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TOURISM AND THE ECONOMY CASE STUDY: TAMIL NADU


SAUMYA
B.A. Social Sciences, Tata Institute of Social Sciences, Hyderabad
Abstract
This article deals with the pattern of tourism seen in the state of Tamil Nadu and its implications on the economy

Introduction

Tourism is amongst the world’s fastest growing industries, which generated US$7.2 trillion that accounts for 9.8% of the global GDP and 284 million jobs (1 in 11 jobs) for the global economy in the year 2014. (World Travel and Tourism Council , 2015).
India also stands 12th in the World ranking of Relative importance of Travel & Tourism's total contribution to GDP. (In absolute terms)
Taking the Case of India, according to the World Travel & Tourism Council, the 6.2% of Total Investment made in the country towards Travel and Tourism (as of 2014) resulted in the Tourism sector contribution to 6.7% of the country’s GDP in that annum. [It is forecast to rise by 7.3% p.a. to almost 7.6% of GDP in 2025].
Within India, 25.6 % of Domestic tourist visits and 20.6% of foreign tourist visits are made in the state of Tamil Nadu. (Ministry of Tourism, Govt. of India, 2015). The eleventh largest state in India by area and the seventh most populous state, Tamil Nadu is home to many natural resources, grand Hindu Temples of Dravidian architecture, hill stations, beach resorts, multi-religious pilgrimage sites and eight UNESCO World Heritage Sites which accounts for why it has the largest share in the country’s tourism sector. (Places; Tamil Nadu, 2013)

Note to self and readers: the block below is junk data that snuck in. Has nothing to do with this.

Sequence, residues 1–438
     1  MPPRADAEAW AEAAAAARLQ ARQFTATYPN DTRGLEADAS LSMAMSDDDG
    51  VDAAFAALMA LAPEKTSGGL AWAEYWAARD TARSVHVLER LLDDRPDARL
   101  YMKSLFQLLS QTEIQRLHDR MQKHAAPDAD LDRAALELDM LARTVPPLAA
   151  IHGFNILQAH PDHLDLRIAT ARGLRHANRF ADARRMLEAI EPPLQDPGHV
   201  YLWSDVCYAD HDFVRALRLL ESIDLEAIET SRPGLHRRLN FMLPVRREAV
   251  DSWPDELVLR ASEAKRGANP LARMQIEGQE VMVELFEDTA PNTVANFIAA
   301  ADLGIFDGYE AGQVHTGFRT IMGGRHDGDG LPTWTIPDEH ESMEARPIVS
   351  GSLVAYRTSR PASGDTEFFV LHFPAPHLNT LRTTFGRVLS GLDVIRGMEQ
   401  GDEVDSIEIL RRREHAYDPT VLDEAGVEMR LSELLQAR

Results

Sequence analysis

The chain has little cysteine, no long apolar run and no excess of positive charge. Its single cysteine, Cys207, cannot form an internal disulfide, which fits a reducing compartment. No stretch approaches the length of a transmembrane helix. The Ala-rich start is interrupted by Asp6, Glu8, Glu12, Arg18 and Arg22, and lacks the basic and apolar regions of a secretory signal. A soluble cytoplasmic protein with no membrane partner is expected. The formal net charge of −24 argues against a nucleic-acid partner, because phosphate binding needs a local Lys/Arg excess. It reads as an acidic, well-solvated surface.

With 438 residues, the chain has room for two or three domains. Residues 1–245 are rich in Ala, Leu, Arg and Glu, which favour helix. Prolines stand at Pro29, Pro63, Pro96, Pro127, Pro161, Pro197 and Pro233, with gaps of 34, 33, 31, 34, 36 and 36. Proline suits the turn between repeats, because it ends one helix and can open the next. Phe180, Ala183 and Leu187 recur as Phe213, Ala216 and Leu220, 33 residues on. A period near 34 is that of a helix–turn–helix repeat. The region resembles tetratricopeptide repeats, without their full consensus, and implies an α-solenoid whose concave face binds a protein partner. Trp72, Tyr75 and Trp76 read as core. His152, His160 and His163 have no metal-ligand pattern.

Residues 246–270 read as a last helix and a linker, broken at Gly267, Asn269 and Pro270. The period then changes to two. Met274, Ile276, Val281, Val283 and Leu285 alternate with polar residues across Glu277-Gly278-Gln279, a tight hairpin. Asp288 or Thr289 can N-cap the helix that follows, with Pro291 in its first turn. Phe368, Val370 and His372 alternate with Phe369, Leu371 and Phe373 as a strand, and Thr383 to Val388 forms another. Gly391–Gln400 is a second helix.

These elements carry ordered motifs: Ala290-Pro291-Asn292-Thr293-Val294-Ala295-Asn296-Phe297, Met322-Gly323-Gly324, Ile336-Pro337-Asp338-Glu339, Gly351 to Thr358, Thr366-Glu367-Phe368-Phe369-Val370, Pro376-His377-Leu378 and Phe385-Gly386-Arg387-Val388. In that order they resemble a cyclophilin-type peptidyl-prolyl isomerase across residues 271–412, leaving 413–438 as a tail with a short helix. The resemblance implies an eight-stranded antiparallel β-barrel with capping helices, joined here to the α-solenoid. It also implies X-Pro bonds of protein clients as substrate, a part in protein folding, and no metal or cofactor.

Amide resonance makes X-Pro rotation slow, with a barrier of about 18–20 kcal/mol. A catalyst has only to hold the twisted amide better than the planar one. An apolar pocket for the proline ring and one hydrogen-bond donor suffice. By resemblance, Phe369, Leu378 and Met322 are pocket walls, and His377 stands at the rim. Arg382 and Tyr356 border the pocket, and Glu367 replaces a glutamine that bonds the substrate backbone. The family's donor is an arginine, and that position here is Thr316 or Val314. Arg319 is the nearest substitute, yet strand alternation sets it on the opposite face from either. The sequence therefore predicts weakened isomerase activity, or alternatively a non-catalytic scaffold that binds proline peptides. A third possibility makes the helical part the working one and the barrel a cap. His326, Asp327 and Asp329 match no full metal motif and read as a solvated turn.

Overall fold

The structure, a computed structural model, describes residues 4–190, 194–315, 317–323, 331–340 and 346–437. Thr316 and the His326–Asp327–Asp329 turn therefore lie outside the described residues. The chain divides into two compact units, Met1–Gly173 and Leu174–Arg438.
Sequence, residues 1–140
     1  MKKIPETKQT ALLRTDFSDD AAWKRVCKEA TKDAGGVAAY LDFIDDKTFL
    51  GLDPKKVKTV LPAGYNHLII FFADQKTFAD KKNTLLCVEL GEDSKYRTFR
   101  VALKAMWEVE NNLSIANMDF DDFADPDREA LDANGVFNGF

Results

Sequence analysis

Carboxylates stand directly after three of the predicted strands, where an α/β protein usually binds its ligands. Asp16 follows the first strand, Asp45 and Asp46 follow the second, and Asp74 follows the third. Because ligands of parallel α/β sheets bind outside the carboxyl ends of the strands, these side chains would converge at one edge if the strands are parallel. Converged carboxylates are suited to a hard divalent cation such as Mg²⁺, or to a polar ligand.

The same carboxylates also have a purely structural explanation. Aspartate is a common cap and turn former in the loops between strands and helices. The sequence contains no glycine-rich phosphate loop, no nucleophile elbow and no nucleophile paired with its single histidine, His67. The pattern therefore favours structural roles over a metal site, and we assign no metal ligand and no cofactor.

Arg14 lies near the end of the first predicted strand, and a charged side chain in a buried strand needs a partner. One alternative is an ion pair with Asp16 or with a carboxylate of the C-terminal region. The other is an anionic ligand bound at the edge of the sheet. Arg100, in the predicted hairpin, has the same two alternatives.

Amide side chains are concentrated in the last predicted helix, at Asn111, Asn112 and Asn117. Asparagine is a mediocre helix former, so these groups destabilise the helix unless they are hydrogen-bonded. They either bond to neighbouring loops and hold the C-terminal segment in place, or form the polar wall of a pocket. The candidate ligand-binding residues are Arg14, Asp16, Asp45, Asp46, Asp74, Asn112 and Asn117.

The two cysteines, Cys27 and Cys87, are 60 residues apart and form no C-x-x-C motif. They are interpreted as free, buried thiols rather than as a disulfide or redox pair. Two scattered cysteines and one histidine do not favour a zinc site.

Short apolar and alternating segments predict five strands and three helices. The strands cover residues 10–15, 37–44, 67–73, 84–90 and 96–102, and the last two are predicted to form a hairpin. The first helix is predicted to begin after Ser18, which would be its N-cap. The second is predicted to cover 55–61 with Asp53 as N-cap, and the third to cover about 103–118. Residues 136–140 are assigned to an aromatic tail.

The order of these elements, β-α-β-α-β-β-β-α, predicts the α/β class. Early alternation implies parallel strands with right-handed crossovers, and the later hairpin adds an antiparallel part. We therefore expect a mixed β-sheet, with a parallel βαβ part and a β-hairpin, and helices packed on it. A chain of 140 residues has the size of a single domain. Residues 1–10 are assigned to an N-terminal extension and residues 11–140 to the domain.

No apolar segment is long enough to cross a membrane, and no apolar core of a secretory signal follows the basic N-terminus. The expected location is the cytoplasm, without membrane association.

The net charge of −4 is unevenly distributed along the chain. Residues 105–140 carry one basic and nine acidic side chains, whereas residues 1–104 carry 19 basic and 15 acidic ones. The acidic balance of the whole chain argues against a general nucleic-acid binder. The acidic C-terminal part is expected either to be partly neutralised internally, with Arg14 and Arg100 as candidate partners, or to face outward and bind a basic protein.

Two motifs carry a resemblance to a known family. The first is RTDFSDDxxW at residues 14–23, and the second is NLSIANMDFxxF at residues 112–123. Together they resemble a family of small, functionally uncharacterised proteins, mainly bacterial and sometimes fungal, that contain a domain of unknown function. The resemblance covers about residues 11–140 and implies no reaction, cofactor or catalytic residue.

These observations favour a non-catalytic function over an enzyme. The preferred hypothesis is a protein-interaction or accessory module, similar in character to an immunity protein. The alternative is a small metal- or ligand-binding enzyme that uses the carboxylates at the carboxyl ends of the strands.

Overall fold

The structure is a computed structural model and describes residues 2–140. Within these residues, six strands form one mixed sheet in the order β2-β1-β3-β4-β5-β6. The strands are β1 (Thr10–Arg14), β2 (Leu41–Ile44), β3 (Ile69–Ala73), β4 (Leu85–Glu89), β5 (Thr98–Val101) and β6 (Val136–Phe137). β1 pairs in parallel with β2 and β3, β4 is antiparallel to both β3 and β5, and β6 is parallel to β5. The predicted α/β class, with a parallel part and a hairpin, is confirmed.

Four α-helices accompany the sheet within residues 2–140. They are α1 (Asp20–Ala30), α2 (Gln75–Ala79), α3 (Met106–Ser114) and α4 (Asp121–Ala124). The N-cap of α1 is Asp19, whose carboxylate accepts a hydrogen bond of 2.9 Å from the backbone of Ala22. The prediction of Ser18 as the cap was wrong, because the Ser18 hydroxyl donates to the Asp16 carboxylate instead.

Positive Impact of Tourism on the Economy

  1. Tourism generates employment: As of 2014, Travel & Tourism directly supported 23,024,000 jobs in India (5.5% of total employment).
  2. Tourism is an important source of foreign exchange earnings in India. This has favorable impact on the balance of payment of the country. The tourism industry in India generated about US$100 billion in 2008 and that is expected to increase to US$275.5 billion by 2018 at a 9.4% annual growth rate.
  3. It helps in not only quantitative economic growth, but also egalitarian economic development in rural/underdeveloped regional areas that attract tourism. Tourism also helps generate livelihood for women (who are actively engaged in the tourism sector)
  4. Developing Infrastructure: Tourism tends to encourage the development of multiple-use of infrastructure that benefits the host community, including various means of transportation, health care facilities, and sports centers